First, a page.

Social Media and Applying For Social Security Disability Benefits

According to the latest social media update from Pew Research Center, 79 percent of adult Internet users were on Facebook in 2016, with many of those same adults using numerous other social media sites. More people are turning to social media sites to connect with friends, co-workers and loved ones, but disabled adults thinking about applying for Social Security Disability (SSD) benefits need to be prudent with what they post on these sites.

If a disabled individual places information on a networking site that ignites questions about whether he or she is actually impaired, it can cause numerous issues. Information on social media from disabled people have already been used to stop benefits, according to Government Executive. In addition, with speculations surfacing regarding Social Security Disability benefits fraud, The Washington Times reported lawmakers are asking the Social Security Administration (SSA) to use social media to investigate Social Security Disability claims.

To protect yourself, speak with your Social Security Disability benefits lawyer about what you should and shouldn’t post on social media while you apply for Social Security Disability benefits as well as for the duration of receiving Social Security Disability payments. Many Social Security attorneys will advise that you stay off social media completely or limit your use of the networking sites. Because so many people are on the sites where information is easily accessible – even if you have strict privacy and security settings around your profiles – you need to be extremely careful about what you share online.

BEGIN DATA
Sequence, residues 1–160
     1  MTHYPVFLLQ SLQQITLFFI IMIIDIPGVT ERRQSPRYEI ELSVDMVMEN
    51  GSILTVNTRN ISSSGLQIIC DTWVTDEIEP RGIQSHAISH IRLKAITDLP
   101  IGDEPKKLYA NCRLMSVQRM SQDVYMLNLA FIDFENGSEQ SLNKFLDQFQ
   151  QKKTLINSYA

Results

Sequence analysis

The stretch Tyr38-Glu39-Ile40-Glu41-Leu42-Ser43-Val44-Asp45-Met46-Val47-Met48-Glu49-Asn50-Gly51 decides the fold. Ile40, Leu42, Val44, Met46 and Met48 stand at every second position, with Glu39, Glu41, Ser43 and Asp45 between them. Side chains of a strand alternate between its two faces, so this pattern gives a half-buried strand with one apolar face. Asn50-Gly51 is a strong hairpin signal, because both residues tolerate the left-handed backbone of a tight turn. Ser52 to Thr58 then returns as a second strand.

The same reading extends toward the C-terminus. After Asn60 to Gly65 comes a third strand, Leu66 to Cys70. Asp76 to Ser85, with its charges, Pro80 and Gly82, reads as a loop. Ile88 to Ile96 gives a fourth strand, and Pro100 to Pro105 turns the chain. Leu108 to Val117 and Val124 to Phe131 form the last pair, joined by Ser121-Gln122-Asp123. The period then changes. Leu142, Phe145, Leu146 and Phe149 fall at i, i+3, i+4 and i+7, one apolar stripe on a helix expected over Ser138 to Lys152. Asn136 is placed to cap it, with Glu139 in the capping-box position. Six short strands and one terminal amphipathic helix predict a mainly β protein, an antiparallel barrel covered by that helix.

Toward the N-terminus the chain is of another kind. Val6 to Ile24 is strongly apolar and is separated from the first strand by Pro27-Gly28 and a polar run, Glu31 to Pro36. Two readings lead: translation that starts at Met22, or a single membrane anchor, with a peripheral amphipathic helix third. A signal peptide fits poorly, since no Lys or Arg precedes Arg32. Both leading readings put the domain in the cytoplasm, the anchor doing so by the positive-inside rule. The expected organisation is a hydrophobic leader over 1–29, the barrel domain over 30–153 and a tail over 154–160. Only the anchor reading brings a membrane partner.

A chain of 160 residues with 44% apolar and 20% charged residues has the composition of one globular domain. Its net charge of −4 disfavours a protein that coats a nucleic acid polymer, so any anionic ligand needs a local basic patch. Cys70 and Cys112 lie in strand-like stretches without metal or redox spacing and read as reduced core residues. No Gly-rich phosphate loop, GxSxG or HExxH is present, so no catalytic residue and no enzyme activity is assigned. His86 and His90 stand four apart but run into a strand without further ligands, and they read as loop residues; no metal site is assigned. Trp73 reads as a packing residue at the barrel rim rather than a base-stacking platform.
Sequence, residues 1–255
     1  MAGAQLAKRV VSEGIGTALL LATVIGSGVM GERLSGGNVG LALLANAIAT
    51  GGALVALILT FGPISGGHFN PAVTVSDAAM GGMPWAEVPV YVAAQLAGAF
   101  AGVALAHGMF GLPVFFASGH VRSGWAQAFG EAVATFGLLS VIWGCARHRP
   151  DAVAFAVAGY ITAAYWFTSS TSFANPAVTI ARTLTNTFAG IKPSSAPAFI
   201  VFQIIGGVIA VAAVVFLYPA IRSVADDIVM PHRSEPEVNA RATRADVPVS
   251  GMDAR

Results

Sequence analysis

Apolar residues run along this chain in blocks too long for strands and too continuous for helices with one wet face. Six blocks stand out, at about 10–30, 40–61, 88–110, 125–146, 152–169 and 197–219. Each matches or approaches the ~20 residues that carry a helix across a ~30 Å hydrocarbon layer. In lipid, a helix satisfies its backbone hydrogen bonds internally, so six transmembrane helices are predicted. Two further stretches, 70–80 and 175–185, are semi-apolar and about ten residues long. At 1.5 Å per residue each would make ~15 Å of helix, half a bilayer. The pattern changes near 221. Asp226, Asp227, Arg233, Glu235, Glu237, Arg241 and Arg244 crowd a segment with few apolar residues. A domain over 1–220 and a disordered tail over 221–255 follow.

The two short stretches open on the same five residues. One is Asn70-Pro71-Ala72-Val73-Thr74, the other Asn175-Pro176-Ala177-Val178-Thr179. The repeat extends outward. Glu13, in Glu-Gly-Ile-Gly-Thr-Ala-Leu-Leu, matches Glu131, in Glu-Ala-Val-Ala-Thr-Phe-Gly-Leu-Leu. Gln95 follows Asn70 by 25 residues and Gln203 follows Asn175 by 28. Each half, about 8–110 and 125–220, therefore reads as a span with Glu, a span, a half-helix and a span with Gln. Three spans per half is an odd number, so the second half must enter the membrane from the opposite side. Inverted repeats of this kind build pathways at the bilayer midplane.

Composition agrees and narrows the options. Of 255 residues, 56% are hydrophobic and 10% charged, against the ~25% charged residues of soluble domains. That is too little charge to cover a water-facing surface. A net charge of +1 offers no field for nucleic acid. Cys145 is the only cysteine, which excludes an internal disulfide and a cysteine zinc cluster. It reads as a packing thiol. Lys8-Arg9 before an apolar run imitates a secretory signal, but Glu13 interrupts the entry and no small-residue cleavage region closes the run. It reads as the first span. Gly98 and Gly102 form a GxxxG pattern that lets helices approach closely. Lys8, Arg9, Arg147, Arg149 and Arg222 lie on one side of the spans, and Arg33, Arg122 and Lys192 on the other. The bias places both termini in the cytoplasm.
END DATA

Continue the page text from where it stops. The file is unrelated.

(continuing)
What Types Of Posts Can Cause Red Flags

According to Government Executive, a rock musician was receiving Social Security Disability benefits for years, but his payments stopped in January 2014 because the Social Security Administration became aware that he might not be as disabled as previously believed due to the information he shared online. The news site reported agency claims reviewers found through his social media posts that he was still performing, which called into question whether he was disabled and eligible for benefits.

Social media isn’t just being used to catch Social Security Disability beneficiaries with fraudulent claims, but workers’ compensation and insurance fraud as well. Stories abound about how social media has helped claims adjusters and insurance companies investigate questionable claims. For example, Leaders Choice Insurance reported a Los Angeles man alleged his back injury stopped him from working, yet posted on his social media profile that he bowled a perfect game. What this tells investigators is that this person’s claim may be fraudulent.

You May Qualify for Legal Assistance

 An experienced disability attorney or advocate can help guide you through the paperwork and what is required of you through the entire application process. To see if you may qualify for legal assistance with your claim, click the button below now to start your free benefits evaluation.

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